Basing Options
Easy
Introduction

One issue that terrain buildings are faced with is what to put their finished works on to base them. There are a large number of options available to you each of which has it's advantages and disadvantages. This article will take you through a selection of materials that can be used but is no way a complete list as I would think that would be almost never ending. Instead it will take you through the most readily available materials.

Cardboard

This comes in various forms and thickness's but the most common and easily available is corrugated and cereal box card, most households should have a good supply of these already. Corrugated cardboard is used in packaging boxes that would be used if you have something delivered to you (say from an order from Amazon) and cereal box cardboard comes, well from cereal boxes (although over food products may use a similar thickness of card).

Advantages
Cheap
Readily available
Easy to cut and shape

Disadvantages
Warps
Corrugated card has unsightly edges

Cork Tiles

These tiles can be bought from DIY Stores and can be used for numerous terrain projects such as walls and buildings as well as basing.

Advantages
Easy to cut and shape

Disadvantages
Can warp
Easy to snap and break
Thickness leads to a noticeable base

Plasticard

Plasticard is thin plastic sheeting normally with some pattern embossed onto them available from model shops. It is normally used for model railways. The nice thing about this material is that it is normal embossed with some pattern such as cobble stone or flagstone which can add to some extra detail to you work.

Advantages
Can have an embossed pattern
Easy to cut and shape
Thin

Disadvantages
Can be expensive
Can bend easy

Foamcore

Foamcore is a must have for any terrain builder and will normally be used for making structures such as houses. It is dense foam about a ¼” thick sandwiched between two sheets of thin card. Whilst it would normally be used for actual terrain structures it can be used as a basing material. It is quite easy to cut if using a sharp blade and steel rule.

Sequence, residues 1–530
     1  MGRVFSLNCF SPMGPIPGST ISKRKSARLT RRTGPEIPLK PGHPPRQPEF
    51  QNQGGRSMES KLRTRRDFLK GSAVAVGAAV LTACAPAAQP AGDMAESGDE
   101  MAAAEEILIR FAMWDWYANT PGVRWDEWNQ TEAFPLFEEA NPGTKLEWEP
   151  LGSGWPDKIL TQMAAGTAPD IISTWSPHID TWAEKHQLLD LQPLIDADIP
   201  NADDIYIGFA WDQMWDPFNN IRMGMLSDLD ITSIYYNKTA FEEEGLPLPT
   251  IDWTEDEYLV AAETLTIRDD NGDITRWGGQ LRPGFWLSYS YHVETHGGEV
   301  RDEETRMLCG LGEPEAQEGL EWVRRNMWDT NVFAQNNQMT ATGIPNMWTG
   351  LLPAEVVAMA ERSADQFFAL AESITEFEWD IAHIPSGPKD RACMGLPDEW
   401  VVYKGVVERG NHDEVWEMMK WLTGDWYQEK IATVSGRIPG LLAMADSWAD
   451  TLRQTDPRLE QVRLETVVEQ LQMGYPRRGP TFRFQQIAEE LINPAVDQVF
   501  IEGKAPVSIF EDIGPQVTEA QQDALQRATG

Advantages
Sturdy
Not prone to warping
Easy to cut (with the correct method)

Disadvantages
Can be difficult to find in shops
Thickness leads to noticeable base

Wood

Wood comes in many different forms and thickness and can be used for basing. One ideal version is MDF wood which can be purchased from any DIY store, make sure it is no thicker than 1/4” thick.

Advantages
Easy to purchase
Strong
Easy to cut and shape

Disadvantages
Can be prone to warping
Thickness leads to noticeable base

Preventing the Dreaded Warp

The following are some tips on how to prevent warping when using various materials for basing.

Cardboard
On the reverse apply masking tape in a criss cross manner, this should hold the card in place and help prevent warping. This may sometimes help with Foamcore too.

Wood
On the reverse score a criss cross pattern and in much the same manner as cardboard this may help prevent warping.


Conclusion

These are just a few examples of basing materials but this is in no way a complete list. In fact as mentioned in the introduction there are many more materials that could be used. There is no right or wrong material to use and in fact the type of project itself may lend itself to one being more suitable than another.


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